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Seattle Times: Unearthing Tse-whit-zen Village

The Seattle Times continues its special report this week on the discovery of a major village of the Lower Elwha Klallam Tribe of Washington.

Part 3 focuses on how the state could have gone ahead with construction in an area known to have been the home of a Klallam village. A newspaper report in the 1920s noted the discovery of tribal remains at the very same site.

But no one thought or seemed to care about it. "If anybody had said, 'Do you understand that you are going to spend the next year and a half of your life dealing with the implications and the contents of this site in relation to Native Americans?' you would have said, 'You've come to the wrong party. I don't see any Native Americans here. Are there Native Americans here in Port Angeles?'" Transportation Secretary Doug MacDonald recalled to the paper.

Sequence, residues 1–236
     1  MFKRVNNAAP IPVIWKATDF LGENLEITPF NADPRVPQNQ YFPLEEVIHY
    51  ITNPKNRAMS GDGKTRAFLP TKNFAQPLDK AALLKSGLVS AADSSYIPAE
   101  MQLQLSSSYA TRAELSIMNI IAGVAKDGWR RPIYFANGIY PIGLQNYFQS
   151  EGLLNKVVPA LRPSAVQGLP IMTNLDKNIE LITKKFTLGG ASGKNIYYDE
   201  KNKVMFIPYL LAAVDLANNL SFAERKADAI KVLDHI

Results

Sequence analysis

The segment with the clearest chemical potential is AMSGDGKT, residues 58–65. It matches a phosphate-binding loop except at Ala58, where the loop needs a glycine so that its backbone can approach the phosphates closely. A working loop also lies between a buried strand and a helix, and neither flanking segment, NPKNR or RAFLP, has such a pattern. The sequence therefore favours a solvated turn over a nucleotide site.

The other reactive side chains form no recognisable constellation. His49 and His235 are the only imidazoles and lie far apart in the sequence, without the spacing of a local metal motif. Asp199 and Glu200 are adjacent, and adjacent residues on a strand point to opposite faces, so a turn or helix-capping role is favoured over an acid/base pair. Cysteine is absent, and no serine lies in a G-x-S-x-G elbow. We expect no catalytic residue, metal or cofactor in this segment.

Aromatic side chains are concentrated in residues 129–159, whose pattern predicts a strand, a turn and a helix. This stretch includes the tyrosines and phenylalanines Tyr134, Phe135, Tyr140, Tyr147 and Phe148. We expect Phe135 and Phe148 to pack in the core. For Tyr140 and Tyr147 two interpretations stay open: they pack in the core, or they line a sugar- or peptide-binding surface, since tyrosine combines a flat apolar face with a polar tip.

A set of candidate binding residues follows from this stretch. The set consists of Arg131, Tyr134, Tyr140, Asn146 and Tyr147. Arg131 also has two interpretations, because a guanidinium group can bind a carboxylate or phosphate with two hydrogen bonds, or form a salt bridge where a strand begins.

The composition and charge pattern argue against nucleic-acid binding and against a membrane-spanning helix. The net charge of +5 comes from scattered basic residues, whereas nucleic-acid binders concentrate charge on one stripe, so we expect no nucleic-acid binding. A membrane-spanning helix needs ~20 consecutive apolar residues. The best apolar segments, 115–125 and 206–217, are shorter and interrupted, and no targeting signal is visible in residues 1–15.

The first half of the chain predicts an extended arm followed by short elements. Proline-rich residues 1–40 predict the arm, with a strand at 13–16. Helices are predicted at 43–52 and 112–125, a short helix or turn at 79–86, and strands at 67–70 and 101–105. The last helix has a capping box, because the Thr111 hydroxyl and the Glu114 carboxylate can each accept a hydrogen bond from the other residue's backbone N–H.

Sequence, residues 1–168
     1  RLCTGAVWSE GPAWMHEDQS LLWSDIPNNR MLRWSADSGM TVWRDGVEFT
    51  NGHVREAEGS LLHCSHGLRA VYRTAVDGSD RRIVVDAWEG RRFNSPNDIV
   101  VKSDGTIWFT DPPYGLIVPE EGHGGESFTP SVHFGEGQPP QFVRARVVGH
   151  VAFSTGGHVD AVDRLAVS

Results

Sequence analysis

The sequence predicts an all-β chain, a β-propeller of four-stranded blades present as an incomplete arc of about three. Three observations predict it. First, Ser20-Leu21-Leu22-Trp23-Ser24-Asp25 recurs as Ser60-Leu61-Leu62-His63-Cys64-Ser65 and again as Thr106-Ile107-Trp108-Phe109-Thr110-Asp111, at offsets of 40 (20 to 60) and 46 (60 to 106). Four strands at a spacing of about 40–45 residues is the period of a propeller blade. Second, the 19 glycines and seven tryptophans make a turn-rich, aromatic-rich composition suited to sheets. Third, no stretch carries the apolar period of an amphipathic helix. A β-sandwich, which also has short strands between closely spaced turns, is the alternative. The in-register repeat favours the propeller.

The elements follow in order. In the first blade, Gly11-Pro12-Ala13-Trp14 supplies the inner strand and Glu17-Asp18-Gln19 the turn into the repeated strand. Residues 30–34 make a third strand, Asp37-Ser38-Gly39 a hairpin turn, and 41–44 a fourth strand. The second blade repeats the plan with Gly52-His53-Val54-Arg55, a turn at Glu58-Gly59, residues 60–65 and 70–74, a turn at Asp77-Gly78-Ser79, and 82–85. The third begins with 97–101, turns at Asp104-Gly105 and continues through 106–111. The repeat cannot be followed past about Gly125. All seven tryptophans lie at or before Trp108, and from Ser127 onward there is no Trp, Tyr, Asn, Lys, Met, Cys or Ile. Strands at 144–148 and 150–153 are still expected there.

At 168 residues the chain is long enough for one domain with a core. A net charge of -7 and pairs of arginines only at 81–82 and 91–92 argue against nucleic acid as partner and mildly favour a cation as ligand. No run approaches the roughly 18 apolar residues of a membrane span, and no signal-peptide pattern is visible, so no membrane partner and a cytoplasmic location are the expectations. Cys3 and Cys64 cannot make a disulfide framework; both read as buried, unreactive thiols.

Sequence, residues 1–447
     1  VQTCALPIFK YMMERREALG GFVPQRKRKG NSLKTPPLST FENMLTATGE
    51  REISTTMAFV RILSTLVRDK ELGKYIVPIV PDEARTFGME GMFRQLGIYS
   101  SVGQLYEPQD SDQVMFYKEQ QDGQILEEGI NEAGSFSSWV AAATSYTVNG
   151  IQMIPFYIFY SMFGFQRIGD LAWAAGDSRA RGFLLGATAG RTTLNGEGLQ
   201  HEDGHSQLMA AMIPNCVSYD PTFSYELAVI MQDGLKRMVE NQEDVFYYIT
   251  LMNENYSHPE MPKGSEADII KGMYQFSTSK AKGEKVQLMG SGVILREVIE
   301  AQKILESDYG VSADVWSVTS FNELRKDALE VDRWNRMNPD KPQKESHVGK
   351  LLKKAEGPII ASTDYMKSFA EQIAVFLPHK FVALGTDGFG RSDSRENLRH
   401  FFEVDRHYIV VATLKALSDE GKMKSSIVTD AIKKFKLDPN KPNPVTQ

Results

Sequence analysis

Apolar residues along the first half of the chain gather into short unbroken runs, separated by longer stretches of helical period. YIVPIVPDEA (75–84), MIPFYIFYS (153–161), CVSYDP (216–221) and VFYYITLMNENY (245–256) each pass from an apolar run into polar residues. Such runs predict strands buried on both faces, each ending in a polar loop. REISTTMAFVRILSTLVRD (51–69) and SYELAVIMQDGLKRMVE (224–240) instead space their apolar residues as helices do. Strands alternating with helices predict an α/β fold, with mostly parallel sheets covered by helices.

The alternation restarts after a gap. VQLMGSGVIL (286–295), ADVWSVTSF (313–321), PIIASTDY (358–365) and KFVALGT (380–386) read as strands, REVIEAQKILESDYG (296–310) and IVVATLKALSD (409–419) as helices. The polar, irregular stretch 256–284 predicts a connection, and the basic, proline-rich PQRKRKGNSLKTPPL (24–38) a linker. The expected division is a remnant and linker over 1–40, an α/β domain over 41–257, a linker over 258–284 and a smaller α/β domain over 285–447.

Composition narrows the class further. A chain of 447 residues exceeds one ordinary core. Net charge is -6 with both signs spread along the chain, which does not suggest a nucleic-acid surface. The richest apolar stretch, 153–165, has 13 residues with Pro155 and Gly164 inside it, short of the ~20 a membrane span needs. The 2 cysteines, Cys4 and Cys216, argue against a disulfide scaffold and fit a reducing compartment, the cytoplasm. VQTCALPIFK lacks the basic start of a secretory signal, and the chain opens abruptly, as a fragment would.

The mistake was a costly one. After spending about $60 million, the state agreed to halt work at the site when the tribe objected. Tribal leaders had earlier signed an agreement to allow work but the discovery of more than 330 ancestors changed their minds.

The Seattle Times website [Link] contains more information, resources and a slideshow about the village.

Get the Story:
"Walking together" meant walking away from project (The Seattle Times 5/24)

Relevant Links:
Tse-Whit-Zen Village News -
Lower Elwha Klallam Tribe -

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